But serve he did. Like a chess master converging his pieces check by check toward mate—and with each piece leaving death and devastation in its wake—by the end of 1628 Wallenstein had rolled the Danes out of Germany into Norway. “Whatever is now done, must be done by sea,” he wrote Ferdinand. The emperor titled him “Admiral of the Oceanic and Baltic Seas” and bid him start building a fleet. But Gustavus, desiring the Baltic for a Swedish lake and already dabbling at conquest in Poland, took a dim view of such aspirations. “We shall certainly have the Swedes landing on the coast of Pomerania or Mecklenburg,” Wallenstein warned. “Gustavus Adolphus is a dangerous guest, who cannot be too closely watched.”
Playing his own game of chess, Ferdinand paid off his warlord with Mecklenburg itself: the fourth-largest dukedom in the Empire, not coincidentally lying in Sweden’s path to Germany. Furthermore he promoted Wallenstein to the unprecedented rank of generalissimo,
Wallenstein’s palace in Prague, built 1623–1630, today serves as home to the Senate of the Czech Republic
empowered “to ordain and command, orally and in writing, ordinarily and extraordinarily, even as if We in Our Own Person did ordain and command such.”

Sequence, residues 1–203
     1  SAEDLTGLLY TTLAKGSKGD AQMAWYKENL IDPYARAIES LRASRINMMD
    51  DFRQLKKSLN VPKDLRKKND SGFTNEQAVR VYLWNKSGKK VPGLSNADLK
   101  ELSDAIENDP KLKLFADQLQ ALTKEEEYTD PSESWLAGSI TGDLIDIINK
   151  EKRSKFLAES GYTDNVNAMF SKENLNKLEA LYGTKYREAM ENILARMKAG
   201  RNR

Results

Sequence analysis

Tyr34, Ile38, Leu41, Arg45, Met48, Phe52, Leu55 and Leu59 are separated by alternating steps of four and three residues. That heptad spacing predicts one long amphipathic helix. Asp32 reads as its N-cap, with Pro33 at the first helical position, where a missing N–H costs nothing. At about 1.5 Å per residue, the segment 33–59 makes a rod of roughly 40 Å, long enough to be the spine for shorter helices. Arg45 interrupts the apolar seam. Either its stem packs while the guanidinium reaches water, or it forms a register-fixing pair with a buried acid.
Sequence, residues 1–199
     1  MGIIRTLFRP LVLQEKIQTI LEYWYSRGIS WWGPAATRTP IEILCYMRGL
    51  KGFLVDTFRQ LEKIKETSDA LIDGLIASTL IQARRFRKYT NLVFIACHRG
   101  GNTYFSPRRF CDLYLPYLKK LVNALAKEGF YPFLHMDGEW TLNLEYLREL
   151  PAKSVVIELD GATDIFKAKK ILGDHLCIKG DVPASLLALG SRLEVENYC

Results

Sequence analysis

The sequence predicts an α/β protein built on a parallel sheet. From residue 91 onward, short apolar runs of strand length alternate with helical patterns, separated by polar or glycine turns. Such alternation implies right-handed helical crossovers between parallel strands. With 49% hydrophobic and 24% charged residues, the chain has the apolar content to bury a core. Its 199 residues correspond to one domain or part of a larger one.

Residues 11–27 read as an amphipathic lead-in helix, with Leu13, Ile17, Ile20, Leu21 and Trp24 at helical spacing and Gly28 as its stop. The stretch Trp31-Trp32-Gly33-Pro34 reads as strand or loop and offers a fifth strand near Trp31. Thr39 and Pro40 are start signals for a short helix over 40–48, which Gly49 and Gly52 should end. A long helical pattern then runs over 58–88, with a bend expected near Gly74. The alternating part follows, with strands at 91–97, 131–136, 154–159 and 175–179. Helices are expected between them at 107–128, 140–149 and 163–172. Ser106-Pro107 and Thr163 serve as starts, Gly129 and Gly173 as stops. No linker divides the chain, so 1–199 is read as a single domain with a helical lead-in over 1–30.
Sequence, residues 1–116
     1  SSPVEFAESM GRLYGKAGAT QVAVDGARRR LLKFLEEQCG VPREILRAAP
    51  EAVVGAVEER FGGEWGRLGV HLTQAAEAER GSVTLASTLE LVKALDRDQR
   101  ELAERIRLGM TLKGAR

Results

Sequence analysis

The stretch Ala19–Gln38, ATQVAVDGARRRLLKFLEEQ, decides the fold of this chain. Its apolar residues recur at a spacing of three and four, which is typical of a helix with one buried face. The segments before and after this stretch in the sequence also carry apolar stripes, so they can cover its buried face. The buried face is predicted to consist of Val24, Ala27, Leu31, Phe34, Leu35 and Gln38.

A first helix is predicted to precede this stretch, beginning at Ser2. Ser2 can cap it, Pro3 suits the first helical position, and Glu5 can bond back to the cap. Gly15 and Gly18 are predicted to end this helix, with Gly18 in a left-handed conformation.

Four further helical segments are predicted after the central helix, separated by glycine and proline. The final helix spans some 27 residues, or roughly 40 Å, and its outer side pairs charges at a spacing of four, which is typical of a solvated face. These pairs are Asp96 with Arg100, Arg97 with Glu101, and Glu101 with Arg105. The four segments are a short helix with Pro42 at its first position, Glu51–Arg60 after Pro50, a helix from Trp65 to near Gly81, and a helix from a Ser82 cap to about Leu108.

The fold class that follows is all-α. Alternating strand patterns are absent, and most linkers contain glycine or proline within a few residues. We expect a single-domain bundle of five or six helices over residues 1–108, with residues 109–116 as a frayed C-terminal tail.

Wallenstein with his astrologer Seni. Artist unknown, 19th Century
Emperor in all but title, Wallenstein soon proved an adept ruler, mostly by virtue of having his army fight and loot on others’ territory. Spoils and tribute from across the empire flowed through his hands. He in turn built his dukedoms into military depots, supplying the army with everything from powder and ball to clothing, bread and beer. Their economies ramped up. His tax base expanded. He funded roads and schools, hospitals and almshouses, even an observatory for his astrologer, Giovanni Baptista Seni. In the midst of one of history’s most savage wars, Albrecht von Wallenstein forged his own thriving, peaceful little domain.
The Four Seasons: Spring by Sebastian Vrancx (1573-1647)